- Contacting us and opening hours
- About us
- Meet the team
- Assessment - what to expect
- What is early onset dementia?
- Refer to our service
- Accessibility Information
- Related links
- Useful resources and links
TypeYounger Persons with Dementia Team
The Younger Persons with Dementia Team team is a countywide service that consists of nurses, occupational therapists, support workers, and admin. The team aims to provide specialist assessment, timely diagnosis, and support for adults under the age of 65 with early-onset dementia. Assessments take place either within clinics or service user’s homes.
Our aim is to minimize an individual’s experience of impairment & disability to empower them to live well with dementia. By using local community resources, we aim to enhance social inclusion and individual support networks. Whilst also supporting family and carers to maintain their health and wellbeing needs.
Who for: For adults up to the age of 65 years.
How to access: Referrals can be made via GP, healthcare professionals, and the voluntary sector. Click here to find out more information and complete an online referral form.
AddressThe Rushden Centre, Newton Road, Rushden, Northamptonshire, NN10 0PT
Contacting us and opening hours
Our service is available Monday – Friday between the hours of 9am - 5pm
Our office number: 0300 027 2740
The Rushden Centre
Northants, NN10 0PT
The aim of our service supports people who may be worried about their memory and cognitive functioning. As a service we:
- provide specialist assessment, care planning, treatment, and support of younger adults with dementia.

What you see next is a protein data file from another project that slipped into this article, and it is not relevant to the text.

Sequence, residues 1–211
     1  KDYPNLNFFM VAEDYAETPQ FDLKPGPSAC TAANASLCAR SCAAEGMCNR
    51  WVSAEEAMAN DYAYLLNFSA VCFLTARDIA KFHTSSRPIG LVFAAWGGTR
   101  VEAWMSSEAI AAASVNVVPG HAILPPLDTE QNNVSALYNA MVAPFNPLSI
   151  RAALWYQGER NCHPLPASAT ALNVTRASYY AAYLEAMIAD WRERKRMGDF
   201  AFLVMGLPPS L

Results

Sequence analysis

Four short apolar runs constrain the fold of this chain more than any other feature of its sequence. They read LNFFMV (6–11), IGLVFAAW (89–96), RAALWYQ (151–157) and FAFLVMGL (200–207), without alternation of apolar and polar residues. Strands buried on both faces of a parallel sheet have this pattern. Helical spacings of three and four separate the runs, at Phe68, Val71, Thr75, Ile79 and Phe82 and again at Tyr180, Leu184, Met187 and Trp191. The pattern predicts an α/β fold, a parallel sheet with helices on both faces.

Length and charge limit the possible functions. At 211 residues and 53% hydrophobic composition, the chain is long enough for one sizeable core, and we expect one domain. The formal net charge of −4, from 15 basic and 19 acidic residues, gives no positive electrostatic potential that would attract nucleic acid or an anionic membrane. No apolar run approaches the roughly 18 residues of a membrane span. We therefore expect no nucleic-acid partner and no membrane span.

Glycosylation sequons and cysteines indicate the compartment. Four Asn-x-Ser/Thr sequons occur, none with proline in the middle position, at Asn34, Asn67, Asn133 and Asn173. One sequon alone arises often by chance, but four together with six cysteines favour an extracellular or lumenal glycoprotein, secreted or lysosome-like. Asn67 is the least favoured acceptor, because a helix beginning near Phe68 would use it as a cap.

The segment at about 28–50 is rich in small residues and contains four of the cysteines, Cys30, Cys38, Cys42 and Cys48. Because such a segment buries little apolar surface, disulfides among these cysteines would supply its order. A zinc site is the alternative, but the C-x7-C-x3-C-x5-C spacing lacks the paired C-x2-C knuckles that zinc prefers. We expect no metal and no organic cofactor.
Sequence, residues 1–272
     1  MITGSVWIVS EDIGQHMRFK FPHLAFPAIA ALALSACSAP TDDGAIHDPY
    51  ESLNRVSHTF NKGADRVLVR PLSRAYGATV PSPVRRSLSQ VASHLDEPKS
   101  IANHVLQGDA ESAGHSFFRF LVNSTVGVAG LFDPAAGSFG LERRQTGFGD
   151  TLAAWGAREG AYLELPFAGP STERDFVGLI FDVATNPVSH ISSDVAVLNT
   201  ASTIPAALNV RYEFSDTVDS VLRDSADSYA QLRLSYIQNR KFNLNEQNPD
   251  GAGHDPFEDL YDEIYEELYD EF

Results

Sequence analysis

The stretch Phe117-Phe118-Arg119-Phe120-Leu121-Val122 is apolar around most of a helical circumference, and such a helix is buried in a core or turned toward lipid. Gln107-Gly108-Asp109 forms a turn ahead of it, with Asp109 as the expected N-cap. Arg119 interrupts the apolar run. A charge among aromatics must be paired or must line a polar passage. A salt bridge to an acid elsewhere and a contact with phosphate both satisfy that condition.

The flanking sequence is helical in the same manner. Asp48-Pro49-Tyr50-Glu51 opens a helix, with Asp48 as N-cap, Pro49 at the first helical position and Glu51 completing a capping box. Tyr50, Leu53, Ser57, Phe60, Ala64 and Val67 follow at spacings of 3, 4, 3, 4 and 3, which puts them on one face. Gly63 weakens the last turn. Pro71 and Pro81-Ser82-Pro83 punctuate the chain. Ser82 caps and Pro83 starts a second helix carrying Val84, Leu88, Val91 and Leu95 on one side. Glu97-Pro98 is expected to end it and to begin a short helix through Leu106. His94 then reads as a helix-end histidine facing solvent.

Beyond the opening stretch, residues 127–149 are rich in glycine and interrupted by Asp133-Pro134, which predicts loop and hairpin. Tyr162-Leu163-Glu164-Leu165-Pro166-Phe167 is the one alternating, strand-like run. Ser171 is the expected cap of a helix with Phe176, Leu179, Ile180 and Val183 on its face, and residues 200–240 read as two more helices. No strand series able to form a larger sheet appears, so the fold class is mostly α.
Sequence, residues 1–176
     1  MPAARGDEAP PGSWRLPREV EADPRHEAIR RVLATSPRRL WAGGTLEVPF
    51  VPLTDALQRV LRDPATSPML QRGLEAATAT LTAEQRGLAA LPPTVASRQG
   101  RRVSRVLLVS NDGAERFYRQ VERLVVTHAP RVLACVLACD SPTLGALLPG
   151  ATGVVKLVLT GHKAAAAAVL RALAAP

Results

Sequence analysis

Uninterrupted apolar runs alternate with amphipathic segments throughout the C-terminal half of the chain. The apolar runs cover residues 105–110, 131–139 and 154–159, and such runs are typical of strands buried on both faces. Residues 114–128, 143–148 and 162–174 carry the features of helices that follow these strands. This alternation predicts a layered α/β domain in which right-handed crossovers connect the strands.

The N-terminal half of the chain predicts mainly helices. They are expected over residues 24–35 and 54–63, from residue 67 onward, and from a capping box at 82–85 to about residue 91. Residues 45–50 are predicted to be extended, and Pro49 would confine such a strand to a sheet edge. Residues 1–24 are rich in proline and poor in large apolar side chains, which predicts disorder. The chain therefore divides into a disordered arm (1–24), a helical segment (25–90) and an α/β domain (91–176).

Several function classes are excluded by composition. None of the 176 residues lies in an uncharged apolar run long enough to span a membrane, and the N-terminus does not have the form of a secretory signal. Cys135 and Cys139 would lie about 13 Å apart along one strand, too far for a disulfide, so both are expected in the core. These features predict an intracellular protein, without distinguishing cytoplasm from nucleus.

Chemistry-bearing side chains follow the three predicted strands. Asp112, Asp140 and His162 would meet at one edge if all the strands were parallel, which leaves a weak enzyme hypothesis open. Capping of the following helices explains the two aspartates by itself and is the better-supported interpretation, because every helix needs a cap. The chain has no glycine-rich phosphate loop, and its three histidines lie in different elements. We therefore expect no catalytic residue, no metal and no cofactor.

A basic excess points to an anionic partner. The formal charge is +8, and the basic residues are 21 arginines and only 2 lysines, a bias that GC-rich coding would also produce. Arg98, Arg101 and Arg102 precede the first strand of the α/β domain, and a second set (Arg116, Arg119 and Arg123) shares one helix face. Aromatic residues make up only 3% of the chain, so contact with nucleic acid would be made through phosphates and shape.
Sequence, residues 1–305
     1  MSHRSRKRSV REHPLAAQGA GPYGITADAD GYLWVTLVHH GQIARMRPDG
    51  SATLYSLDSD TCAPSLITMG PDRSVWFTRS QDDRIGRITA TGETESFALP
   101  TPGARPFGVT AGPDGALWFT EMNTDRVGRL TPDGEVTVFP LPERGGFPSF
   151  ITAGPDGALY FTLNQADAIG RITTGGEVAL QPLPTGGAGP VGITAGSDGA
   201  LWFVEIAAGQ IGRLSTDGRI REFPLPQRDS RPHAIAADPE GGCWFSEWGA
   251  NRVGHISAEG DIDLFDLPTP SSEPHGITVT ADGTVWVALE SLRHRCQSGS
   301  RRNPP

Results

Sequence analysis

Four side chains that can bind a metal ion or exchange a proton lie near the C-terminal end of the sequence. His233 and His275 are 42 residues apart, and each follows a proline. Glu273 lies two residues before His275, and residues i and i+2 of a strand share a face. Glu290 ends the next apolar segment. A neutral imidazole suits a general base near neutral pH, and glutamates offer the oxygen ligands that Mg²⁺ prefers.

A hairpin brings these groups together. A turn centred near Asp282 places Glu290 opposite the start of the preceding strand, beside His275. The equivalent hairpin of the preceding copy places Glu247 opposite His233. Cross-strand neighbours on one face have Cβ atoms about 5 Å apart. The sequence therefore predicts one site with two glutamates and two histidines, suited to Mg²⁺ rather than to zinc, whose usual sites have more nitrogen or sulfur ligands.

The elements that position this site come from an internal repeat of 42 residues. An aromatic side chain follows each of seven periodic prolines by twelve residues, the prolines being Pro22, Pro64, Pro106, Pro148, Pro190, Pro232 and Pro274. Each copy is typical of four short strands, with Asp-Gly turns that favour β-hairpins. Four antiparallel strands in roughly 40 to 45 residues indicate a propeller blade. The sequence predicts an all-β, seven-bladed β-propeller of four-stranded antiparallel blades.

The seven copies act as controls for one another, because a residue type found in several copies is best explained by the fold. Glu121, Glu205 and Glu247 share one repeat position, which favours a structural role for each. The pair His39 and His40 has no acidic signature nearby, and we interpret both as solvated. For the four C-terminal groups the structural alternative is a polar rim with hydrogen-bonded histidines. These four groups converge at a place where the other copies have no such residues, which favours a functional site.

- provide a diagnosis.
- minimise experiences of impairment & disability to allow individuals to live well with dementia.
- support families and carers within their caring roles and promote their health and wellbeing needs.
The first step is to complete an assessment to rule out any other causes that may be impacting memory symptoms.
Meet the team
We are a specialist community nurse led team that is countywide. The team consists of the following members of staff:
- Jenny Kerti – Team manager
- Emma Green - Community psychiatric nurse
- Nina Picton- Community psychiatric nurse
- Frances Hooper – Occupational Therapist.
- Kate Fraiel – Support worker
- Jane George – Admin/reception
Assessment - what to expect
- Assessment may take place in a clinic, GP surgery, or your own home. This usually lasts 1-2 hours.
- A family member or friend is welcomed to attend in order to provide you with support.
- We will explore your current memory symptoms with you and your significant others.
- We will ask you questions about your general health, background history, and mental health.
- We will complete a cognitive test with you which is a series of questions and tasks that help us look at your cognitive skills.
- It may be that we require some further assessment for example an assessment of your day to day living skills or a driving assessment (paper exercise).
- We may request for you to have an MRI brain scan but will discuss this with you following the initial assessment.
- At the end of the assessment, we will discuss with you the outcome and any further assessment required if necessary.
- You will receive a written report of your assessment and the advised outcomes.
What is early onset dementia?